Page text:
We had a supportive letter from the Mayor of Merton, who said “It is a wonderful display and I hope people will realise how important it is”, and Mrs Jean Fielder, who wrote “I don’t think there is a more worthwhile project with which Fielders could be associated”. Best of all, we can feel that we have created links with the schools and with other local organisations which we can develop for the future.
Judging is almost completed (with 456 entries, it was quite a task) and the final Prize Giving will be on July 16th. (Space in the Council Chamber is limited so please let us know in advance if you want to come — ring 543 0362). We are hoping that we can arrange for a smaller exhibition of the best work to tour the Merton libraries, and suggestions have been made that we should try to publish some of the children’s writing. Please get in touch if you can offer any help.
So many people have been involved in this project that it is impossible to thank them all, but I think that a few people should have their contribution publicly acknowledged.
Councillors Karim, Barbara Bampton and Brian White have been a tower of strength, liaising with the Council and Civic Centre. Maisie Carter masterminded the huge mounting operation. Alison Williams and Rosemary Jambert Gray helped with drafting literature. Jim Lindsay negotiated the loan of the display boards and also transported them to and fro — and they were very heavy. The loyal supporters who addressed envelopes, glued work onto sugar-paper and pinned it onto display boards are too many to list, and I should inevitably leave some of them out. So please would everybody accept the most grateful thanks, since without you all this magnificent project would have been impossible.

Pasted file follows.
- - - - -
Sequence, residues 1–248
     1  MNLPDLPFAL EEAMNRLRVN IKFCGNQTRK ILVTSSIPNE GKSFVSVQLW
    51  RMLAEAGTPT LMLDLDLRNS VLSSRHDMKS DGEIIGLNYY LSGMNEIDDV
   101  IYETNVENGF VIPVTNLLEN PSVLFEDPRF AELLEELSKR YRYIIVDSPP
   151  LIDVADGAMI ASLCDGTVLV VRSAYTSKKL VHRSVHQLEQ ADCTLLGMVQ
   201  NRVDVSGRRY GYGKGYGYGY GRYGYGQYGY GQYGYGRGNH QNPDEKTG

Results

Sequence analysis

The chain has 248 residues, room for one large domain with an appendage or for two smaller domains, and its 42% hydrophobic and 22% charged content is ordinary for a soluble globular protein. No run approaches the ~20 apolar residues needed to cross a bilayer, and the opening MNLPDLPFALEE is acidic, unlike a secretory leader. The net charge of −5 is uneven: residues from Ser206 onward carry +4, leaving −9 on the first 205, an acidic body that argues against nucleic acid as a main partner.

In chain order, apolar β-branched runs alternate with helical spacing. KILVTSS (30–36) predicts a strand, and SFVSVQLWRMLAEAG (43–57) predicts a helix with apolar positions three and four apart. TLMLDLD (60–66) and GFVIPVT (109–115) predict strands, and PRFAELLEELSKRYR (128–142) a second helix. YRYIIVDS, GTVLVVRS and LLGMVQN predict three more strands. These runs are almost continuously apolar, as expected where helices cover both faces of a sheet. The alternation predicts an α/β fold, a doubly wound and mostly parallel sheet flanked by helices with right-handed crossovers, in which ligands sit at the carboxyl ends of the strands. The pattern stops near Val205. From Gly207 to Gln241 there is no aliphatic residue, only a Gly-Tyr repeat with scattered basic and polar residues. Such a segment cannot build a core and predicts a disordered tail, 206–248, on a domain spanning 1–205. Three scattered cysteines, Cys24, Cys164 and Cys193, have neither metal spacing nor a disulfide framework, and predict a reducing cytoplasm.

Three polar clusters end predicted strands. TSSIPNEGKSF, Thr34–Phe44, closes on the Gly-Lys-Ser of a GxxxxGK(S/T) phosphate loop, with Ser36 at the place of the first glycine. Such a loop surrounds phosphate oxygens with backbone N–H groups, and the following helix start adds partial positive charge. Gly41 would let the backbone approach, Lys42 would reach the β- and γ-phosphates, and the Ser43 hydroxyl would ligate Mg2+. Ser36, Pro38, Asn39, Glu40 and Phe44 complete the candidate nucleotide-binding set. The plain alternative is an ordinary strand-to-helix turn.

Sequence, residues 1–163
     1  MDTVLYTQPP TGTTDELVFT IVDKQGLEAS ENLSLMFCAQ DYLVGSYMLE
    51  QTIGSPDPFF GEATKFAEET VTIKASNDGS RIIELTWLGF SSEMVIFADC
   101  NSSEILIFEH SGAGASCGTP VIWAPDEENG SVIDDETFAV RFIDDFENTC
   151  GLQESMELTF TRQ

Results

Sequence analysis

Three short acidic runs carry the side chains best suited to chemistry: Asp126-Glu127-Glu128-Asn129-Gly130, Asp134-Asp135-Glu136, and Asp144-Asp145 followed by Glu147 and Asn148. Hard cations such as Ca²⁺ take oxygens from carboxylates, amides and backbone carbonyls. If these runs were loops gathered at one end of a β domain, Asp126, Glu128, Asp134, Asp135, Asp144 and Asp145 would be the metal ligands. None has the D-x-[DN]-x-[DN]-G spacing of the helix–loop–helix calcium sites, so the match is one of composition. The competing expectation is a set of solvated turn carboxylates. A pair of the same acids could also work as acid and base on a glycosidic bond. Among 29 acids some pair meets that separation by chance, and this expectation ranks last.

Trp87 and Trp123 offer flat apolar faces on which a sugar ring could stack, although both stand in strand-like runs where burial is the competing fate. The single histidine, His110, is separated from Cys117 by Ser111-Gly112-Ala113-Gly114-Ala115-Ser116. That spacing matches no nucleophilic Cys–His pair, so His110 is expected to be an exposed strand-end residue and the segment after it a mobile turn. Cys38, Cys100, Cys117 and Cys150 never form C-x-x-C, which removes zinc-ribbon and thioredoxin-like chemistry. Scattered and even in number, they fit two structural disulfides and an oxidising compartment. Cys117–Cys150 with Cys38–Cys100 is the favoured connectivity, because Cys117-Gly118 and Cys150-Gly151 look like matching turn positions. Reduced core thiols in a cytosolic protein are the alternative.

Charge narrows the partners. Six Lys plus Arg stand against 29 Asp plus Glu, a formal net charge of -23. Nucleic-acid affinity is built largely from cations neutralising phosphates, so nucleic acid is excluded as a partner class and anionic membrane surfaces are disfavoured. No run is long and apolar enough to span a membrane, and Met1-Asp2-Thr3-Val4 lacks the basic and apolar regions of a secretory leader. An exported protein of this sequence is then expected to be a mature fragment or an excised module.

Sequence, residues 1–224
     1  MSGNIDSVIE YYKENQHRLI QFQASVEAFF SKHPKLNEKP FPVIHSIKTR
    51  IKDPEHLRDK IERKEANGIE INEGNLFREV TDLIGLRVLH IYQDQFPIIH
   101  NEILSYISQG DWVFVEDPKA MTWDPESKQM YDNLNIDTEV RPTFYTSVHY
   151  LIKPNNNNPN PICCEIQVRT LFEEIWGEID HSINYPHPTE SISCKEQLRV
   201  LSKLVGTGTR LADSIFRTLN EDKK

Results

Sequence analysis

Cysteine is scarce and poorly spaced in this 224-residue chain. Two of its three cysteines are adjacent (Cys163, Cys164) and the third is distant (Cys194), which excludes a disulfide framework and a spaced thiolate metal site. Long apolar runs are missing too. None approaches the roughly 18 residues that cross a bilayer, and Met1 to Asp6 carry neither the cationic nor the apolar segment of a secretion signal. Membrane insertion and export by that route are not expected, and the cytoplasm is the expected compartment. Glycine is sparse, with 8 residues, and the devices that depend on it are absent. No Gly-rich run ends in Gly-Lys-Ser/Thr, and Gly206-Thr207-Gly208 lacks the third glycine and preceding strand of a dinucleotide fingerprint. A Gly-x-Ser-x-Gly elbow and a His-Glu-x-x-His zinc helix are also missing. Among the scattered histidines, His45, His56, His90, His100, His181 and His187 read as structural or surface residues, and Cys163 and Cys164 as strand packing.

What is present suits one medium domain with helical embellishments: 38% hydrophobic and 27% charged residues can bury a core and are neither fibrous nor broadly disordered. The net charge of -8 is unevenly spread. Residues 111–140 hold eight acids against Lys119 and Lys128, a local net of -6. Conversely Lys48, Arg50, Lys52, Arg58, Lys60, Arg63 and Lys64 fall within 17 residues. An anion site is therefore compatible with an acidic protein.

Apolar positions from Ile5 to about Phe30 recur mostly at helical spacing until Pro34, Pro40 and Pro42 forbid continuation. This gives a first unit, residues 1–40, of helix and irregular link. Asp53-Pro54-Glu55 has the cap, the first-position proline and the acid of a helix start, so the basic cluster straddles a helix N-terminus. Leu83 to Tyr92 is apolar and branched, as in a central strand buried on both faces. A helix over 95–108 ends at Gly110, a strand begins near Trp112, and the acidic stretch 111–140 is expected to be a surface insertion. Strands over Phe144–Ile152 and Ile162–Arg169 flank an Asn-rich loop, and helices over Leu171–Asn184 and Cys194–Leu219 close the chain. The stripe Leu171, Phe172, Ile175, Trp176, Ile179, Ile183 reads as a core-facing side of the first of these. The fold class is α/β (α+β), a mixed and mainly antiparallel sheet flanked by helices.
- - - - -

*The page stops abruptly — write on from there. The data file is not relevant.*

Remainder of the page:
We were sorry to hear of the recent death of Dr Lomax Simpson who lent us the beautiful ‘garden room’ in her house in Malcolm Road for the Round Table (citizens’ jury) discussion on government nuclear weapons policy, which we organised at the instigation of the World Court Project two years ago. As a venue it was perfect, and Dr Lomax Simpson couldn’t have been a more attentive hostess, as well as an active participant in the proceedings.
The obituary in the national Guardian newspaper [12·6·1999] told us more about her: “Pioneering psychoanalyst who gave hope to single mothers, children and homeless young men.... a remarkable psychiatrist and psychoanalyst, who cared desperately for those she treated and founded centres for single mothers and the homeless during the 1970s”, using an inheritance from her mother Mary Messenger to establish the nine houses of the Messenger House Trust. She came from a privileged background (her architect grandfather was a friend of the first Lord Leverhulme, with whom he created Port Sunlight, and her father, also an architect, designed Unilever House in London) but she developed an early awareness of social problems during the war when her mother took in five London evacuees and this became the focus of her professional career.
We shall hold our traditional Hiroshima commemoration on the evening of Saturday August 7th with candle floating on Rushmere pond, near the Wimbledon war memorial. We shall assemble at about 8·30 pm and launch the candles as it begins to get dark. This is always a very moving occasion, and if we are blessed with a fine summer sunset it can be a spectacle of great beauty as the lighted candles and their reflections move slowly over the water. Please bring nightlights and boats! e.g. plastic trays. The Peace Table in the morning will be used to publicise the event and to explain what we shall be doing, and why.